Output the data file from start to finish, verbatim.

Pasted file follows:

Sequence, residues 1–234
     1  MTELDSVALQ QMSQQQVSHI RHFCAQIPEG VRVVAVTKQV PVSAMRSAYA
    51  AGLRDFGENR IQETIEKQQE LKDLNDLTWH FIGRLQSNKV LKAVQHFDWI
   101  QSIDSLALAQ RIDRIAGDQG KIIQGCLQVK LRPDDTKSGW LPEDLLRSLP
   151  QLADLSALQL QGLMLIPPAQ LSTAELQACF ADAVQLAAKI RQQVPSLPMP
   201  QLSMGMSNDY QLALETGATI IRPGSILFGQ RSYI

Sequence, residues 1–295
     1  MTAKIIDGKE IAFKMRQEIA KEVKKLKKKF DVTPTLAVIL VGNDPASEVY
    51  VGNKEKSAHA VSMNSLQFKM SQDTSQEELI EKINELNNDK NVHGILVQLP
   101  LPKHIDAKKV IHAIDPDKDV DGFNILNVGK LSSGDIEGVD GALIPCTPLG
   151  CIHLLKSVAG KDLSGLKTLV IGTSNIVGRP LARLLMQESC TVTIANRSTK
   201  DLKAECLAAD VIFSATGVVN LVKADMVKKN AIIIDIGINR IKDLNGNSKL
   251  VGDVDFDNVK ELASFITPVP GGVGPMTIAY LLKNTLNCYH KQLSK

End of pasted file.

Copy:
Sequence, residues 1–234
     1  MTELDSVALQ QMSQQQVSHI RHFCAQIPEG VRVVAVTKQV PVSAMRSAYA
    51  AGLRDFGENR IQETIEKQQE LKDLNDLTWH FIGRLQSNKV LKAVQHFDWI
   101  QSIDSLALAQ RIDRIAGDQG KIIQGCLQVK LRPDDTKSGW LPEDLLRSLP
   151  QLADLSALQL QGLMLIPPAQ LSTAELQACF ADAVQLAAKI RQQVPSLPMP
   201  QLSMGMSNDY QLALETGATI IRPGSILFGQ RSYI

Sequence, residues 1–295
     1  MTAKIIDGKE IAFKMRQEIA KEVKKLKKKF DVTPTLAVIL VGNDPASEVY
    51  VGNKEKSAHA VSMNSLQFKM SQDTSQEELI EKINELNNDK NVHGILVQLP
   101  LPKHIDAKKV IHAIDPDKDV DGFNILNVGK LSSGDIEGVD GALIPCTPLG
   151  CIHLLKSVAG KDLSGLKTLV IGTSNIVGRP LARLLMQESC TVTIANRSTK
   201  DLKAECLAAD VIFSATGVVN LVKADMVKKN AIIIDIGINR IKDLNGNSKL
   251  VGDVDFDNVK ELASFITPVP GGVGPMTIAY LLKNTLNCYH KQLSK